Palace: Let Congress decide on K-12
MANILA, Philippines — Malacañang will leave it to the House of Representatives to review the effectiveness of the K-12 education program.
Presidential spokesperson Salvador Panelo stressed that it would still be up to Congress to decide on the implementation of the K-12 program, amid concerns that it was not living up to its promises.
“We will leave it to the wisdom of Congress,” said Panelo when asked to comment on Speaker Alan Peter Cayetano’s remarks that the House would take a second look at the program.
Over the weekend, Cayetano noted that there were many issues in the K-12 program, which gave students the option to enroll in vocational and technical subjects to prepare them for future employment.
DepEd welcomes review
The Department of Education (DepEd) said on Monday that it welcomed a review of the K-12 basic education program after concerns were raised about its effectiveness.
Education Undersecretary Nepomuceno Malaluan said the DepEd was looking forward to a review of its flagship program, which he said would allow the DepEd “to provide its status, identify the gains and challenges and share the direction of its program and policies on K-12.”
“Congress and DepEd have worked closely together since the previous budget hearings to address the issues of the K-12 program,” the DepEd added in a separate statement. “A dedicated review session will provide an appropriate venue to comprehensively discuss concerns.”
The DepEd, however, did not appear worried that Congress might propose to scrap the program altogether after a review, saying it would work with House members to craft solutions.
“With an additional P650 million in the proposed 2020 budget specifically for the improvement of the 12-year basic education program, DepEd commits to coordinate and collaborate with members of Congress in strategizing effective implementation of the program,” the DepEd said.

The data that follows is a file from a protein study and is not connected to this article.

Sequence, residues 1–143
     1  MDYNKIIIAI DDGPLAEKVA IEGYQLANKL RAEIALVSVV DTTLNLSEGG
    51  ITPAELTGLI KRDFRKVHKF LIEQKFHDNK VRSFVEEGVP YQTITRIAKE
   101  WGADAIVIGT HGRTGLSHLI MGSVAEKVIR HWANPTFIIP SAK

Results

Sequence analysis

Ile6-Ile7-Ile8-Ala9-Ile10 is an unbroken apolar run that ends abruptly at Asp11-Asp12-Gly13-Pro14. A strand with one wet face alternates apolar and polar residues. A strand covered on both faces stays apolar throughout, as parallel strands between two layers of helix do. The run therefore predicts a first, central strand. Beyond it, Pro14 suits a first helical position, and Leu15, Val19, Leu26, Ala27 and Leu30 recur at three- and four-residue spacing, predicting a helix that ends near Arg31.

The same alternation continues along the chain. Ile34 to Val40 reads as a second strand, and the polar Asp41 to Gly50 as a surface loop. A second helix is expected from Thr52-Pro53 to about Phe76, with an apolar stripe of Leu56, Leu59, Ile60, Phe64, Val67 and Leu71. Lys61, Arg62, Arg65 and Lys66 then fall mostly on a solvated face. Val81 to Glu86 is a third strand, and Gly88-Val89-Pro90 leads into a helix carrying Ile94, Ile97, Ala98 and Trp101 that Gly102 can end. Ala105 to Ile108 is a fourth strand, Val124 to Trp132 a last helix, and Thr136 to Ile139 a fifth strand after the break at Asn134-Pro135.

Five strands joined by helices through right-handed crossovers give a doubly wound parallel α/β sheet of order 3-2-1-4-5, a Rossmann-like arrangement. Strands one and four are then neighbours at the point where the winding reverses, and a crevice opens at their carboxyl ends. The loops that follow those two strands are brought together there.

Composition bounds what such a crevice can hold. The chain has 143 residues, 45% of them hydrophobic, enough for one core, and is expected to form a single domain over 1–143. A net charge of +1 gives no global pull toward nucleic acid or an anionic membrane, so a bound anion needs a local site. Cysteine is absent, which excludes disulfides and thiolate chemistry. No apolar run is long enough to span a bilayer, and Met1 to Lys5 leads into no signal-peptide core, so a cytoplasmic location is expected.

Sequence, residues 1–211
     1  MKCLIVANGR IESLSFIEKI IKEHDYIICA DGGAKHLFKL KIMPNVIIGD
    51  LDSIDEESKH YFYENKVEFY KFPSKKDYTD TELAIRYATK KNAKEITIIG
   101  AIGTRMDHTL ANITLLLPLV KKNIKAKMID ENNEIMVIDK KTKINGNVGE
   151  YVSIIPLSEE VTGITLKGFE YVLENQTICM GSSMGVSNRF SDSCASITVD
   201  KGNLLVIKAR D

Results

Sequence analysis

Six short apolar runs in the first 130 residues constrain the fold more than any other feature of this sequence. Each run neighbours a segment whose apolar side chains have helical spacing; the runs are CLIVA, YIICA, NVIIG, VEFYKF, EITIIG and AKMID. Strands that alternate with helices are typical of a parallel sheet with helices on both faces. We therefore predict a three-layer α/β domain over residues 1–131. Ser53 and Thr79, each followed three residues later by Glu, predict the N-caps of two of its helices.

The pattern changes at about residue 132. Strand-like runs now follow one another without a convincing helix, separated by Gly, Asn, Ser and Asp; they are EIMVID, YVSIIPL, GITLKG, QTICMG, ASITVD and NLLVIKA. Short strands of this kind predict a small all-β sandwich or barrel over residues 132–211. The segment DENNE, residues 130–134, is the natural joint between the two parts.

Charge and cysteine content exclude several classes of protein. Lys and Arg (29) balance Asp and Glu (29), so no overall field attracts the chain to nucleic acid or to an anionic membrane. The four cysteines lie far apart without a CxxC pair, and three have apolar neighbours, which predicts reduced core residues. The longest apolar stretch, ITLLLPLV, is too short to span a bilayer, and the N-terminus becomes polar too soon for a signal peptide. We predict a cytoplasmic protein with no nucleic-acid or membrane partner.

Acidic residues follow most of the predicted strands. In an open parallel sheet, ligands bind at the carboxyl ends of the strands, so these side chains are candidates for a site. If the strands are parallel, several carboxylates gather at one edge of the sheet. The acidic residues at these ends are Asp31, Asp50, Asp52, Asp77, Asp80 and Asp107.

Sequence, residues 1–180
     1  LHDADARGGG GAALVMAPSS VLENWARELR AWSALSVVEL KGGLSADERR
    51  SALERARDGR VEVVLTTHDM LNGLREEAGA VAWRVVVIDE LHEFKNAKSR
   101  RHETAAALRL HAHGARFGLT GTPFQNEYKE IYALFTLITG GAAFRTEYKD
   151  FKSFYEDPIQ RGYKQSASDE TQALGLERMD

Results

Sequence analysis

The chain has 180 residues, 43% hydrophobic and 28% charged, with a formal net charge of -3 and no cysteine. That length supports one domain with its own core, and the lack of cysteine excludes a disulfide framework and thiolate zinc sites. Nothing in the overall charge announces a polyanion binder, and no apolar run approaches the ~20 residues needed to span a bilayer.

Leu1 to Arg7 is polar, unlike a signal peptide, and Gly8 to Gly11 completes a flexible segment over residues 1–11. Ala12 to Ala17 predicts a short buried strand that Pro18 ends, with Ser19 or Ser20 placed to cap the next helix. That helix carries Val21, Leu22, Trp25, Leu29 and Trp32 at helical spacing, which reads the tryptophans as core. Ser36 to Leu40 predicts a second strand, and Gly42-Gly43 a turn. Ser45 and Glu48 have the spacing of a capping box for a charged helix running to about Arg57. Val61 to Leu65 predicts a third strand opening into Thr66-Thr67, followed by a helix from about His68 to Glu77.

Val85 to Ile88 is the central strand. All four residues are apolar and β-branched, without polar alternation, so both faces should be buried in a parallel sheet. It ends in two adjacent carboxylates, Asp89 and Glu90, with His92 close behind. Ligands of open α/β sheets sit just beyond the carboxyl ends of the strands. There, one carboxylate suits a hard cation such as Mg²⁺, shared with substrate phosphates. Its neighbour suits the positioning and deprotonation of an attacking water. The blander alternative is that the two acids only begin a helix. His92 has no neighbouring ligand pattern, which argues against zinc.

The DepEd did not respond directly to Cayetano’s worries that K-12 program was “not living up to its promise.”
Cayetano had also raised questions about whether or not the program was accomplishing its goal of equipping senior high school students to be employed regardless of whether or not they pursued a college degree after high school.
In recent years, the DepEd has received increases in its annual budget due to the funding requirements of the K-12 program, which was first implemented in 2012.
Too early to judge
For 2020, the DepEd may receive P551.7 billion, or P20.2 billion higher than this year’s P531.5 billion allocation. This is apart from the P850 million additional funding from the House, of which P650 million will go to the improvement of the K-12.
Some proponents said it was still too early to judge the effectivity of the additional two years of senior high school, while some lawmakers have expressed concern over the declining performance of high school graduates in national achievement tests.
Some parents have also complained that the K-12 program only added two years of educational expenses without guaranteeing that the program would make students better prepared for the future.
In some of his speeches, President Rodrigo Duterte revealed that even his youngest daughter, Veronica “Kitty” Duterte, had also complained about the K-12 program, which is now the globally recognized standard for basic education.
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